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uBug12JE User Manual - Developing Software Using Projects

Article Index
uBug12JE User Manual
Connecting to the Module
Programming the Module
Extending uBug12 INSTALL
Developing Software Using Projects
Script Command Buttons
uBug12 Miscellaneous Features
Command Glossary
Writing Compatible Applications
All Pages

Developing Software Using Projects

Developing embedded software usually means extra work is needed as compared to more 'standard' software development, as everything has to be defined and set up on the target system.  This begins with setting the MCU clock, and can continue with configuring registers, running MCU checks, and interfacing with real hardware.  All this has to be tested several times over to verify that everything works as expected.  Finally, it's back to editing source again.  One quickly discovers that either their program source gets very large, or that they have lots of files around to handle all the different tasks.  It can also be a hassle switching between all the different tasks that need to be done.

To help ease this burden on the software developer, uBug12 provides the capability to partition development into Projects.  This allows all related files to be in one directory on the development platform that is running uBug12.  In addition, uBug12 helps out by populating this directory when it is created with several files to help you get started.

To create a new Project, use the mouse to select 'File', and then 'New/Open Project Dir'.  You will see a dialog box prompting you for a directory to work.  You can either select a directory that already exists, or just type in the name for a new one to create.  You can also change the directory that your project will be in from the default shown in the dialog box.

Once a new directory is created, the first thing uBug12 will do is copy its current configuration file to this directory.  This will be read in when the project is reopened later.  It also means that it is possible to have each project have its own settings for such things as editor and terminal program used by uBug12.  (Script Buttons are explained later, and they are also unique to each project.)

uBug12 will also copy MCU register definition files, a sample program, and files specific to the various MCU boards available from Technological Arts.  If you are connected to a target MCU before creating a new project, then the project will be tailored to that MCU variant.  In other words, the new Project directory will only contain the MCU definition file and related files for that MCU.  However, if you are not connected to a target when a new project is created, then the Project directory will get all the MCU definition files.  (Demo S-records will not be copied though.)

Once a Project is opened, you can use the 'L' command to get a listing of the files in that directory.  The 'L' output can be tailored by including a regular expression.  (You can read up on Regular Expression syntax at  So, to list the sample program included, and related files, type 'L S.*' in the command line.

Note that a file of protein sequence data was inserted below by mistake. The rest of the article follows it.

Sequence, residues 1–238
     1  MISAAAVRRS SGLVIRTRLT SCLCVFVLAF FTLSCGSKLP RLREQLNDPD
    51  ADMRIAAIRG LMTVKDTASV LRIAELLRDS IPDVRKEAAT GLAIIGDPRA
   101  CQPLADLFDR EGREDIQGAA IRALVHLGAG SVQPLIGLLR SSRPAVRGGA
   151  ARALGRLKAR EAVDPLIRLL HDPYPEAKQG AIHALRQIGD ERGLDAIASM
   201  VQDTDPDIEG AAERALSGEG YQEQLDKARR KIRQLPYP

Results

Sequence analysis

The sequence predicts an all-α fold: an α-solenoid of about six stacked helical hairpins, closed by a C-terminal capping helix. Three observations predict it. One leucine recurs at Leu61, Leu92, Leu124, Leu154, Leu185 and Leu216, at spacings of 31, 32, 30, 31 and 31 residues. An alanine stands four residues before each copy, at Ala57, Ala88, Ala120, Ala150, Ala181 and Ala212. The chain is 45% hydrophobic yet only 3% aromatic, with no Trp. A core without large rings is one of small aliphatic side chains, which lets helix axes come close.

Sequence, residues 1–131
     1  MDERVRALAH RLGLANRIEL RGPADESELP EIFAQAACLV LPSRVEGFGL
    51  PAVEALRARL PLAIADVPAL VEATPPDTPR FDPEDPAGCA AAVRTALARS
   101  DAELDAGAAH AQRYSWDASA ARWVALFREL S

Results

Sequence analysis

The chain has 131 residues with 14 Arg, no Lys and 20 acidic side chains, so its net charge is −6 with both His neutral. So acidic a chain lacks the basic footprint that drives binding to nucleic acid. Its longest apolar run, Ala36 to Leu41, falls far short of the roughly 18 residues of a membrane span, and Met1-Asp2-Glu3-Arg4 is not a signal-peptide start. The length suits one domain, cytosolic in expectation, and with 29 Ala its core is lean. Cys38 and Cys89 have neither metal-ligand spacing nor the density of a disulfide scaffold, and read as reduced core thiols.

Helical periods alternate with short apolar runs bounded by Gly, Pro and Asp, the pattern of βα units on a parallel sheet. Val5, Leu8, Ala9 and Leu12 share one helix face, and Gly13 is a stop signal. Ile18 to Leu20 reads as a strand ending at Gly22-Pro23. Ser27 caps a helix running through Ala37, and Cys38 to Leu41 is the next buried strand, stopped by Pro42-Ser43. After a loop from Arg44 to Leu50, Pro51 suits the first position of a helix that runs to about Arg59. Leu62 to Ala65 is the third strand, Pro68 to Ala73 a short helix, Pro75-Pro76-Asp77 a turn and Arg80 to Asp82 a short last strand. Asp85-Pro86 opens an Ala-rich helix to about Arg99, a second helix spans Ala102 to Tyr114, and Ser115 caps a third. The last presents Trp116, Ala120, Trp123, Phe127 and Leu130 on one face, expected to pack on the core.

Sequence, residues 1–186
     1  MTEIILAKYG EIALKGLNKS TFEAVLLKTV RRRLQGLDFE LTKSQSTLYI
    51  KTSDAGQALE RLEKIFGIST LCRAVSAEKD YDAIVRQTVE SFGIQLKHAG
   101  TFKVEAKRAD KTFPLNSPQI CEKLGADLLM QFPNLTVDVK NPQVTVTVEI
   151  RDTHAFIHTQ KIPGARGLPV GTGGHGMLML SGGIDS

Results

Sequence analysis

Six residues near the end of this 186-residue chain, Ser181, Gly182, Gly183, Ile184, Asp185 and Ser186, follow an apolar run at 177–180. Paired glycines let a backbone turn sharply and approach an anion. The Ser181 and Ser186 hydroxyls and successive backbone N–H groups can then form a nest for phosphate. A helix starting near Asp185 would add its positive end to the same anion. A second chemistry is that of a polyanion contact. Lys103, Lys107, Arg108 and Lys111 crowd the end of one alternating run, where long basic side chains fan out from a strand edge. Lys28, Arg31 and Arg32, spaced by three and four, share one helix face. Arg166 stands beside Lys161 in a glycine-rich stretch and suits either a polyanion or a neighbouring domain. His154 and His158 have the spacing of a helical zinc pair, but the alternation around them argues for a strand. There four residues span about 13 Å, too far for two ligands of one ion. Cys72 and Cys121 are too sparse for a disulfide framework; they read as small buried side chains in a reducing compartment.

There is a sample program included, called Sample.s.  Adapting this file to your needs will get you up and started as quickly as possible.  First,you will need to edit the file so that the INCLUDE for the TA board you have is enabled, and all others are disabled.  Once that is done, assemble the program with 'HSW12ASM Sample.s'.  Notice that the assembler program does not require the use of the full pathname to the source file.  Once a Project is opened, uBug12 keeps track of the directory so that the file is referenced correctly when the assembler is called.

Please note that all the assembler files included in the Project directory are designed to be used with HSW12ASM exclusively.  This is because HSW12ASM has been modified to reference the directory that the source is in.  If you want to use the other assemblers, and the provided definition files, you will need to edit all the INCLUDE statements to use full paths names to the various files.

Now that the source is assembled, FBULK and FLOAD can be used to burn it into the target.  However you will note that HSW12ASM always creates two S-record files, one paged and one linear.  Either of these should work.  Once burned into Flash, start the program with the GO command.  If your target board has an LED, it should light up.  That's the first part of the sample program.  To test the second part, start up the built in terminal emulator program with the VT100 command.  A second window should now pop up onto the screen.  In the terminal window. any text you type should be echoed back.  When you are satisfied the sample program works, you can terminate the terminal program by closing the window.  Finally, press the Reset button on the target to get back to running the serial monitor.

It is instructive to examine the 'LST' file generated by HSW12ASM, to see the completed sample program.  You can see how the MCU clock was set up, how the SCI port was initialized and used, and how macros work.  It should be enough to at least get you started with your own code development.

Last Updated ( Tuesday, 13 September 2016 08:12 )